Sunday, July 12, 2009

Sorry. Another story to get your blood pressure up! (But you can do something!)

Perhaps I've had my head in the sand not to have seen this story about Goldman Sachs' too-cozy relationship with the federal government and U.S. citizens' tax money!

Good grief! (Emboldening mine--JAH.)
As George Bush's last Treasury secretary, former Goldman CEO Henry Paulson was the architect of the bailout, a suspiciously self-serving plan to funnel trillions of Your Dollars to a handful of his old friends on Wall Street. Robert Rubin, Bill Clinton's former Treasury secretary, spent 26 years at Goldman before becoming chairman of Citigroup — which in turn got a $300 billion taxpayer bailout from Paulson. There's John Thain, the [expletive deleted] chief of Merrill Lynch who bought an $87,000 area rug for his office as his company was imploding; a former Goldman banker, Thain enjoyed a multibillion-dollar handout from Paulson, who used billions in taxpayer funds to help Bank of America rescue Thain's sorry company. And Robert Steel, the former Goldmanite head of Wachovia, scored himself and his fellow executives $225 million in golden-parachute payments as his bank was self-destructing. There's Joshua Bolten, Bush's chief of staff during the bailout, and Mark Patterson, the current Treasury chief of staff, who was a Goldman lobbyist just a year ago, and Ed Liddy, the former Goldman director whom Paulson put in charge of bailed-out insurance giant AIG, which forked over $13 billion to Goldman after Liddy came on board. The heads of the Canadian and Italian national banks are Goldman alums, as is the head of the World Bank, the head of the New York Stock Exchange, the last two heads of the Federal Reserve Bank of New York — which, incidentally, is now in charge of overseeing Goldman. . . .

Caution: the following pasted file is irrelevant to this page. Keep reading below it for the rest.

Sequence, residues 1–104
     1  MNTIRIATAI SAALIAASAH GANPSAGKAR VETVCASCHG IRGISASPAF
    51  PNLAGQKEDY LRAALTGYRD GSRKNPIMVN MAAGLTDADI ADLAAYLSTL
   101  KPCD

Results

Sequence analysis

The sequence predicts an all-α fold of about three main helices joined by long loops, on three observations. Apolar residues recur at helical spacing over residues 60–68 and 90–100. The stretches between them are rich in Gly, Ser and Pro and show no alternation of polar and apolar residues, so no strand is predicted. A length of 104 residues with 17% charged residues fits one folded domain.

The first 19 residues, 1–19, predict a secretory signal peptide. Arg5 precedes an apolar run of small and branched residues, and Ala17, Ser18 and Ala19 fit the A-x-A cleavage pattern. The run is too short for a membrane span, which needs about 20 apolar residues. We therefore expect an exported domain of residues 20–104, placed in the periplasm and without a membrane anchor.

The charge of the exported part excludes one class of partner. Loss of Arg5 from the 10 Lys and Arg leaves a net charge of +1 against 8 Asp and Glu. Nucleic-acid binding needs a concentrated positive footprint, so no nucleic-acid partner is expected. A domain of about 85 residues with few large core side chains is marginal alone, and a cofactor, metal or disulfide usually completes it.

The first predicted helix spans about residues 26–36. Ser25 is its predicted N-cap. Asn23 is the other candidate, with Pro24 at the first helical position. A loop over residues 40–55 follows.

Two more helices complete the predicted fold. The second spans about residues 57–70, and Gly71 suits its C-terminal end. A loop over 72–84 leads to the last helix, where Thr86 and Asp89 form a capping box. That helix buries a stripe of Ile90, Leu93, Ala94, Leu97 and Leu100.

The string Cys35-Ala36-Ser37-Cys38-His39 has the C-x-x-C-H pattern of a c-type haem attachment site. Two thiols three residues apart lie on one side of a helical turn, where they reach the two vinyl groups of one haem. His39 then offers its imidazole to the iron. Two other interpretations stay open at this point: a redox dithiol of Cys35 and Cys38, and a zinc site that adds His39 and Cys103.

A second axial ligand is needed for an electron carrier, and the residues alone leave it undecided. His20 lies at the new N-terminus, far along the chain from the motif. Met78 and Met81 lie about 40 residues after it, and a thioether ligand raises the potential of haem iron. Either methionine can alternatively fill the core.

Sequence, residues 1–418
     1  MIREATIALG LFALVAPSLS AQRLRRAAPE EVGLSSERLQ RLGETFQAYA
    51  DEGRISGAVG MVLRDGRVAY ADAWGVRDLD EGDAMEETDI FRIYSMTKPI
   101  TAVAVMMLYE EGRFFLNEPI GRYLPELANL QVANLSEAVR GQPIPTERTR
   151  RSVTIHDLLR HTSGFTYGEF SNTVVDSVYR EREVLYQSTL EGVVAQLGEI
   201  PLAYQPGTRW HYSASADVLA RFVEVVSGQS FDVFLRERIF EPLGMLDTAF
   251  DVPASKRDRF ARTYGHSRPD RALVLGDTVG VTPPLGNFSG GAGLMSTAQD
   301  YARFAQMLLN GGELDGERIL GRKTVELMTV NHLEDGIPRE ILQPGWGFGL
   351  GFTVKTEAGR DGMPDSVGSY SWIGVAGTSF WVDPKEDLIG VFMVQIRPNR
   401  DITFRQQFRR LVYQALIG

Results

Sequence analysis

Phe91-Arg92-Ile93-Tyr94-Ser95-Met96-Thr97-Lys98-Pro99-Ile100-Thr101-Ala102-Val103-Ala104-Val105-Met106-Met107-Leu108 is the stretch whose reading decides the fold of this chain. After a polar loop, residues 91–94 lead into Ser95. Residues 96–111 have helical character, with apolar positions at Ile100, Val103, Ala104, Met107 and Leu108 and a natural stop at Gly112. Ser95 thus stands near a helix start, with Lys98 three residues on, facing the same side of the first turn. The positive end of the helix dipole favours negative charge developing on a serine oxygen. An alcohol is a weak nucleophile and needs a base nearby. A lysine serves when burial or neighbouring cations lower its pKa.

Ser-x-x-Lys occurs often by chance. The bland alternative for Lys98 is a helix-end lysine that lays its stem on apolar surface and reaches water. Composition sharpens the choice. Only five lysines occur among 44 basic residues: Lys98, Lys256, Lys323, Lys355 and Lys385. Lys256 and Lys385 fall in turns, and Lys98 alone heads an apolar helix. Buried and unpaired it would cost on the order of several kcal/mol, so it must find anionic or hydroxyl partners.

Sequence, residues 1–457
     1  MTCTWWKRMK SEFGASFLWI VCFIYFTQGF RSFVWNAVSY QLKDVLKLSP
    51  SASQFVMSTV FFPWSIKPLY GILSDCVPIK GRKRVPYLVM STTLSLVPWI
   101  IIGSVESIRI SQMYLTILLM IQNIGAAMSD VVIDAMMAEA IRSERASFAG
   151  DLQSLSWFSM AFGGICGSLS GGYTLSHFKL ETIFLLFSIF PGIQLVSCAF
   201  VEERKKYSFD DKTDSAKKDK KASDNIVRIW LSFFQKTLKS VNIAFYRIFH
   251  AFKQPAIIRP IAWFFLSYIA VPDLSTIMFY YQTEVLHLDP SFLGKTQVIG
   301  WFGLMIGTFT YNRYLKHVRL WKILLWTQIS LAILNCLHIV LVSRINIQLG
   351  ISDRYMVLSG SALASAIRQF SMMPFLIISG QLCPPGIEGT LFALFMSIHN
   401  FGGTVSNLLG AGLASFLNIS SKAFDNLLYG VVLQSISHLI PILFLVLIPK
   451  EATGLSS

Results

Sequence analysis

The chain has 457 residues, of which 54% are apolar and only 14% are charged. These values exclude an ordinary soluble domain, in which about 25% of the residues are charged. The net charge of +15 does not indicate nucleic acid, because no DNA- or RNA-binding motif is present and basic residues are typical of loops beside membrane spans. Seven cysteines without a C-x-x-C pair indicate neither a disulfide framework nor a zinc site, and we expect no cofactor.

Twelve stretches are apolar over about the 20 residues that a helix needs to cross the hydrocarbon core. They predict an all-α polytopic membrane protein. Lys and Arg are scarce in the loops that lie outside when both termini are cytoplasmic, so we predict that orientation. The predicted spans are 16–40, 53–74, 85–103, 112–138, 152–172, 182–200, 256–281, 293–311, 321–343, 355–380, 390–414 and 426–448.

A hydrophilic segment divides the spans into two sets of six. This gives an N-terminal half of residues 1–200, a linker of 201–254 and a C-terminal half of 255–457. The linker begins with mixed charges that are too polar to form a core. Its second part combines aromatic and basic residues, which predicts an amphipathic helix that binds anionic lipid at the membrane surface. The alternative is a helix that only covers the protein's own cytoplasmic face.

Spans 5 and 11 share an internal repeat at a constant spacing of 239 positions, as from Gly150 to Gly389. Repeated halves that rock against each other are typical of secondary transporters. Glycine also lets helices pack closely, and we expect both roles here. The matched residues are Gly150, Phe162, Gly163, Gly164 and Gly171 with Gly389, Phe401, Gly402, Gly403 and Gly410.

--Anyone see any potential conflicts-of-interest, here?

Oh! Oh! Oh!

But talking about conflicts-of-interest! . . .
Goldman's primary supervisor is now the New York Fed, whose chairman at the time of its announcement was Stephen Friedman, a former co-chairman of Goldman Sachs. Friedman was technically in violation of Federal Reserve policy by remaining on the board of Goldman even as he was supposedly regulating the bank; in order to rectify the problem, he applied for, and got, a conflict-of-interest waiver from the government. [!!!!!!] Friedman was also supposed to divest himself of his Goldman stock after Goldman became a bank-holding company, but thanks to the waiver, he was allowed to go out and buy 52,000 additional shares [of a company that he is supposed to be regulating! --We're not even talking potential conflicts-of-interest. This is, absolutely and completely, a full-blown conflict-of-interest. And the government approves!?!?!!!!--JAH] in his old bank, leaving him $3 million richer. [Only $3 million? --JAH] Friedman stepped down in May, but the man now in charge of supervising Goldman — New York Fed president William Dudley — is yet another former Goldmanite.

"No problems!"

And we are supposed to trust our government to be looking out for us?!?

Let's see how these guys' disinterested "public service" works out in practice: